Springs are everywhere, including in everyday electronics. Be it computers, televisions or microwaves, these components come in different shapes and sizes. Both springs and wire forms are a necessity in electrical items and, without them, the technology of today wouldn’t be the same. In fact, without springs, many of the objects that exist today would not have been invented.
Here Airedale Springs Ltd focuses on what springs can be found in the electronics sector, where they can be found, and which are the most common applications.
Most popular springs in electronics
There are several different types of springs that have a wide range of applications, such as in the electronics sector, and have the ability to withstand varying degrees of force. Included in the vast number of springs that can be found in electronical items, compression springs, strip wire and wire forms are the most common.
Some springs are more popular for some applications, but many others can take their place. This means the same spring can have a wide range of uses. As an example, compression springs are often used as battery holders in electronics, but they have many other uses in these types of objects.
Many other springs can be found in the electronics industry, such as garter, torsion and extension springs. Airedale Springs works with its clients to create the right springs and wire forms for each individual project, always ensuring every unique industry demand and requirement is met.
Common spring applications in electronics
Springs are in most, if not all, electronical items and devices. They’re crucial to ensure things such as printers, coffee machines, drills, and even cordless fastening systems, can turn on and off and operate optimally. Doors need springs to open and close, since they create the necessary resistance; cash machines require springs to release notes (as well as cards).
Many springs also need to be durable enough to withstand difficult environments. For example, the springs in a lawnmower have to be strong enough to allow the machine to operate without breaking apart. Other uses for springs in the electronics sector include garage doors and luggage scales, which require extension springs.
Airedale Springs produces many springs, strip wire or wire forms for the electronics sector. The company focuses on manufacturing the best quality products with the best materials and the latest equipment – enabling them to stand apart and deliver excellence to all customers. Airedale has created springs for sensors, such as those in the medical sector, as well as gas and carbon monoxide sensors. These products not only need springs to operate, but they also require them to be of the highest possible quality, so that safety is assured.
When it comes to round wire or strip wire, their use in electronics will depend on the amount of pressure required in a specific project. It may well be that other springs are better suited.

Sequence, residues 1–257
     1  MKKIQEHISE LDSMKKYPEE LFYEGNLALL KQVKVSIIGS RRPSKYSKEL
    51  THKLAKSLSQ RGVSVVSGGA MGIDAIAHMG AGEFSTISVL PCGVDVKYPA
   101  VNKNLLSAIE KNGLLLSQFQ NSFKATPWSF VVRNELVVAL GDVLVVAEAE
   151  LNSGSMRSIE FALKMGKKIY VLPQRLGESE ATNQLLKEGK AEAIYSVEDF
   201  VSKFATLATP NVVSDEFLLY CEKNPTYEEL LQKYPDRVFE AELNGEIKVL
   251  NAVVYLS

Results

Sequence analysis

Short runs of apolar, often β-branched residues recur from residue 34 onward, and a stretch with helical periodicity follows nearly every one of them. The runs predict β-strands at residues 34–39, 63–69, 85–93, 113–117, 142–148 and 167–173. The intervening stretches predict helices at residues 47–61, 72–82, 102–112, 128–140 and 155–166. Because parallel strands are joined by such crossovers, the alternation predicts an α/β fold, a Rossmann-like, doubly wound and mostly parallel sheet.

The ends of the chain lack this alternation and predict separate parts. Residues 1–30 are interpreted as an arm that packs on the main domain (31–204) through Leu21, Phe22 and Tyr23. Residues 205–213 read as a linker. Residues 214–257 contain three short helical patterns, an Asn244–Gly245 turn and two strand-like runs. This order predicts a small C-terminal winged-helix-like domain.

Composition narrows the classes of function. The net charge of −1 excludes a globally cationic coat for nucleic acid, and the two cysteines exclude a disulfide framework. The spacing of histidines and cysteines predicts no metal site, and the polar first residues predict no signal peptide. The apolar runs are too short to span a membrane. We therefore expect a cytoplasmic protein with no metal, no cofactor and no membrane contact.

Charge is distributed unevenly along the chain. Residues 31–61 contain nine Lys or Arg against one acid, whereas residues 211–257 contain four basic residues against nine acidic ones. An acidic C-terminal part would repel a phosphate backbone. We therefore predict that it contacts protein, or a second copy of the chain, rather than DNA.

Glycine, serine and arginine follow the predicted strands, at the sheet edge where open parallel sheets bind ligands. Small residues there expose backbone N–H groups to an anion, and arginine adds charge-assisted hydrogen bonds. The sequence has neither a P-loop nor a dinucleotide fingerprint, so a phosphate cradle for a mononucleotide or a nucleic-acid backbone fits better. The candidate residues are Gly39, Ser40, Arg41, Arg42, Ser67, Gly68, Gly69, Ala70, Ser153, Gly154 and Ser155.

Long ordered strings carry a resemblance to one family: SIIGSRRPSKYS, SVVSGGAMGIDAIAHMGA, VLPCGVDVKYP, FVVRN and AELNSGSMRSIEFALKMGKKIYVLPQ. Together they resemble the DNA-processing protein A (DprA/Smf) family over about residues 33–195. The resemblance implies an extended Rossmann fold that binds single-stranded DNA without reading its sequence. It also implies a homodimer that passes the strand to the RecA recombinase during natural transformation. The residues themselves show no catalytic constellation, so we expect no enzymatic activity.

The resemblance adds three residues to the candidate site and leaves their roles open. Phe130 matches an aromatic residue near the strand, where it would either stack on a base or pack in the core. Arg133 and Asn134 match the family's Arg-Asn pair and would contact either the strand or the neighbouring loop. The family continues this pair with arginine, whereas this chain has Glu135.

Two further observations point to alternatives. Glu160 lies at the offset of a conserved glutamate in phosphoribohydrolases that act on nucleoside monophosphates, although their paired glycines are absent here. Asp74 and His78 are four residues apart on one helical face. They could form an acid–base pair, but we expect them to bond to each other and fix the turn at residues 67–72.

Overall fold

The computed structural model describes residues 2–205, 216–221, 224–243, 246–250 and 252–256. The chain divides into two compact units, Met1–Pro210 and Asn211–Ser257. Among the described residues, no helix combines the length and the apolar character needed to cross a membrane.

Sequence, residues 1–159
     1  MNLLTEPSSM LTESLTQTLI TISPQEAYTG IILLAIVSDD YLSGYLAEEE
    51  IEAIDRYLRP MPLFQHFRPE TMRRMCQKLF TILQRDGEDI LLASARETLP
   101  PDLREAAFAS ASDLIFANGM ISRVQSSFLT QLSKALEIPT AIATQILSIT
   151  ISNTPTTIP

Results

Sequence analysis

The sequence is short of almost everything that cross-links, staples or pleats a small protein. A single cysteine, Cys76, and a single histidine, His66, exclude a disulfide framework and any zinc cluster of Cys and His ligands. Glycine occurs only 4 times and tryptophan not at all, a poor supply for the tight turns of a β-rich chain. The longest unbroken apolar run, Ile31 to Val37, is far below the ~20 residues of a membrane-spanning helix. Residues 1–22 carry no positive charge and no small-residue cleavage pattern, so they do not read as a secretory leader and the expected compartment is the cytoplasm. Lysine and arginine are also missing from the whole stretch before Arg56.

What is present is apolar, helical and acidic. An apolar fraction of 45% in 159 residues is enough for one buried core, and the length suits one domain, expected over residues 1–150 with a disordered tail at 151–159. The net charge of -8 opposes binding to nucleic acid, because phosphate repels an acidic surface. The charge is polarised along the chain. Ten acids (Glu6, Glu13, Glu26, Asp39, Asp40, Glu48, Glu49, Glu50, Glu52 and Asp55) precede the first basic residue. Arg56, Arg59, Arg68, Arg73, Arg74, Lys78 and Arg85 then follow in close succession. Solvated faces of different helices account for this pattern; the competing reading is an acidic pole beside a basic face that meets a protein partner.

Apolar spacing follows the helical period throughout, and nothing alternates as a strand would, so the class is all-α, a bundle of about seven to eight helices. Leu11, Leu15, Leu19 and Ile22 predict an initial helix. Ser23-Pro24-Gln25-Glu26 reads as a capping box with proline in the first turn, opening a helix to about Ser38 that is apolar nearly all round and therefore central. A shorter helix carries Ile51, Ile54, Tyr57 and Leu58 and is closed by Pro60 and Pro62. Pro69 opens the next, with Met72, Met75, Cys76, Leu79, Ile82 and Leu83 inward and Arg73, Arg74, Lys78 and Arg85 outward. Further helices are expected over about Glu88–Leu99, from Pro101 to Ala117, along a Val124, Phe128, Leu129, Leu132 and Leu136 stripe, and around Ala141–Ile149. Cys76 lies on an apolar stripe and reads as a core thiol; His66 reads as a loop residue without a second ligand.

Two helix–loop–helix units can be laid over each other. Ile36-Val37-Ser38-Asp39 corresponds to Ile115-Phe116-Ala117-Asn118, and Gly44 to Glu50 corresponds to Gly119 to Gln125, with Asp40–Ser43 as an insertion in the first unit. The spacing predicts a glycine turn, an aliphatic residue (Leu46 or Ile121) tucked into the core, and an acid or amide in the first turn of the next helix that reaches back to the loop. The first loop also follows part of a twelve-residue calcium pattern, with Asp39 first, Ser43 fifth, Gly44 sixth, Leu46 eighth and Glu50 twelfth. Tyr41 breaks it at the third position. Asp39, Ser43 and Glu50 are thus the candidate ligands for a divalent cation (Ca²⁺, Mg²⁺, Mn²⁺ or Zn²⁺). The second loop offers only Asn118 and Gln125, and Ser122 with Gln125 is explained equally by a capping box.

What should be considered before choosing springs for electronics?
If springs are needed for an electrical item, there are several things to take into account before making a choice. Each case is different, so the springs that will work best for one application will likely not work for another. Working with a company that will help to design the spring, therefore, is critical.
Size is one of the key aspects when it comes to choosing or designing a spring. Products are becoming smaller, so springs and wire forms need to reflect that – they also need to be able to offer top performance no matter the size. A spring the size of a Slinky would be impossible to place on a laptop, microphone or washer dryer.
This is why Airedale Springs uses many different CNC machines. The equipment allows the production of springs and wire forms in very small sizes (some products have a wire diameter of 0.15mm), which is ideal for a sector like electronics. When selecting springs for a product, strength is a big consideration too, as is their material. After all, not all spring materials are applicable in the sector. Springs need to be conducive, resistant to heat and resistant to corrosion.
They should also be cost efficient. This is especially true if a project requires a large volume of springs. The cost of manufacturing a product includes several aspects, not just spring cost – if springs are too expensive, then it can be challenging to justify the project.
Will joined Fastener + Fixing Magazine in 2007 and over the last 12 years has experienced every facet of the fastener sector – interviewing key figures within the industry and visiting leading companies and exhibitions around the globe. Will manages the content strategy across all platforms and is the guardian for the high editorial standards that the brand is renowned.